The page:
Wednesday, July 8, 2009

Beach Talk


After the long weekend I just have to say a couple of things.... If you are visiting a beach there are a couple of things you should know. Most of them are common sense, but some may not occur to all.

You visit - we live here. It is home to people, birds, fish, mammals, etc. You are guests. My mother always told me to leave a place better than I found it. Treat it like it is your home. Please pick up your trash, your cigarette butts, your plastic bottles and bags. In a few months we will ban these/plastic bags from the beach and from stores using or selling them. We love having you come and make memories here. We just want them to be good memories.

Don't poke, prod, or step on dead creatures. Many of them can sting and emit poisons even though they appear to be dead. If you are stung by a jellyfish don't pee on the sting. Apply vinegar to the sting. It will neutralize the poison. Most life guards keep a gallon or two on the stand just for this purpose. If you are going to a beach with out a life guard. Please take a small bottle of vinegar with you.

Speaking of things to bring to the beach:
A gallon or two of water - leave in car. Great to wash sand off your feet and hands, flush eyes that get sand in them.
A small bottle of vinegar. Helps neutralize bee stings and jellyfish stings.
A bag for your trash.
Towels, leave at least one clean towel in your car.
Small first aid kit - again this can be left in car.

The number one thing is SHOES. Shoes that can get wet. Do not walk through the shoreline in your bare feet. All winter long we have been fishing and discarding our broken lines and hooks. They have washed ashore and are buried in the sand. Just waiting to get caught in your feet. I have a bowl full of nothing but various hooks and sinkers that I have found on my morning walks.

Watch the weather. Storms blow up quickly and go just as quick.

Rip Tides - these are extremely dangerous. If you find yourself being pulled in the current - go with it. Do not waste your energy fighting it. Lay on your back or pull your feet up so you are not being dragged. Then swim parallel to the shore line till you are able to swim in. Most drowning deaths are caused by these rip currents. If you come to the beach once a year you need to be very aware of them. Remember do not panic. You are not going to be swept out to sea - maybe 50 yards but that is swimmable. Some one will rescue you or use a surf board to help you.

Fresh oysters are to be eaten in the months that have an "R" in them. Otherwise you will get sick from them. If you want to know why - email me and I will thoroughly gross you out.

Enjoy the beach - make some precious memories.


note : Katie asked me why the hooks were discarded in a public place...They are broken off or caught on things, they are not deliberately discarded in the water. Some of these hooks are rather large - I will take pictures, so they get caught up on the ocean floor. I personally don't fish I am just a shore walker. Shore fishing is a big thing here. Flounder is the big catch.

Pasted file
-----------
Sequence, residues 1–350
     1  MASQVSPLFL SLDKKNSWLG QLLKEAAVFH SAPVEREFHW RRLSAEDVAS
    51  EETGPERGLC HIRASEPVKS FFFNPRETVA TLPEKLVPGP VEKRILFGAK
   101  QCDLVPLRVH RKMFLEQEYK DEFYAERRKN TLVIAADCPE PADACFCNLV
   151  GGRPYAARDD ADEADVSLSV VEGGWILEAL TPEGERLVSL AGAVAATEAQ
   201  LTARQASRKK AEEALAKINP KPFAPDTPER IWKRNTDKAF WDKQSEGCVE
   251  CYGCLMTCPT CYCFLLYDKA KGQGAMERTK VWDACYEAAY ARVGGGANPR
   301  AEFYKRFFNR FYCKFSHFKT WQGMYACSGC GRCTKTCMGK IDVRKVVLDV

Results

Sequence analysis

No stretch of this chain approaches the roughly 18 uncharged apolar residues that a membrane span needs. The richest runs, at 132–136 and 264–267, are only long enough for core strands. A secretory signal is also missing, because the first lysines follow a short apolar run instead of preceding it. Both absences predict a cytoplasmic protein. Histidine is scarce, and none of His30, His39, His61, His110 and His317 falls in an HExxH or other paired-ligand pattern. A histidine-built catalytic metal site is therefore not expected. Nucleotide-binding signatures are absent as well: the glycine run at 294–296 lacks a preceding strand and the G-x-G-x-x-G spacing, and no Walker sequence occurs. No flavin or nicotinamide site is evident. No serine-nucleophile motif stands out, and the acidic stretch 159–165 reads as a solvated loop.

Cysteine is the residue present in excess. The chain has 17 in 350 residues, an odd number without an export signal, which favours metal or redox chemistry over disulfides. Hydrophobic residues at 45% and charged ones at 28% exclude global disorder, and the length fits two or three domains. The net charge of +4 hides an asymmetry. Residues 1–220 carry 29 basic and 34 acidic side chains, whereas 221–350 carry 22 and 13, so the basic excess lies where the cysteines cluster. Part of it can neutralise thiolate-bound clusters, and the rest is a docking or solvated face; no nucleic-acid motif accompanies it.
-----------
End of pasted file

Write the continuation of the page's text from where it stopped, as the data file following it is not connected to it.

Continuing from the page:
6 comments:

Kiki Finlayson said...

Thank you for your "beach manners" blog. Here in Oregon all our beaches are public, and twice a year, fall and spring, there is an enormous volunteer beach cleanup, where objects as big as cars and as small as the ubiquitous plastic bags, all the detritus left by beach goers, and an amazing amount of stuff that's come in with the tide are collected and taken care of, either recycled or trashed. Thank heavens more and more folks are using reusable bags for shopping (the little fold-up or roll-up ones are great and fit in your purse--I keep three in mine! Our beaches and the wildlife along them are part of our heritage. Please take care of them!

Elizabeth Golden said...

Kiki our beaches are all public, also. Our garden club does a monthly beach clean up and then two big city wide beach cleanups. You would be amazed at all of the trash!

Kelly said...

My hubby and I vacation on Tybee in Georgia. I'm always angered when people leave their trash on the beach. Especially cigarette butts.

Good beach advice.

Tamara C said...

Great post Elizabeth! I grew up in Santa Cruz, California, also a beach community (and tourist destination with the Beach Boardwalk Amusement Park). It was always amazing the amount of trash people left behind!

Call me old fashioned, but I think we need to start teaching manners in school, since the parents don't seem to be doing it much. Or at least more civics so that kids start taking pride in their environments. :)

Sand Dollar Hugs, Tamara

KatieScarlett said...

Since we're on the subject of manners and tending to things well, Im confused as to why you're all tossing your hooks into a public place. Why aren't they being disposed of safely?

Melinda Cornish said...

wow! great advice and I agree with it all.....just from a different coastline but now here I am in landlocked Utah!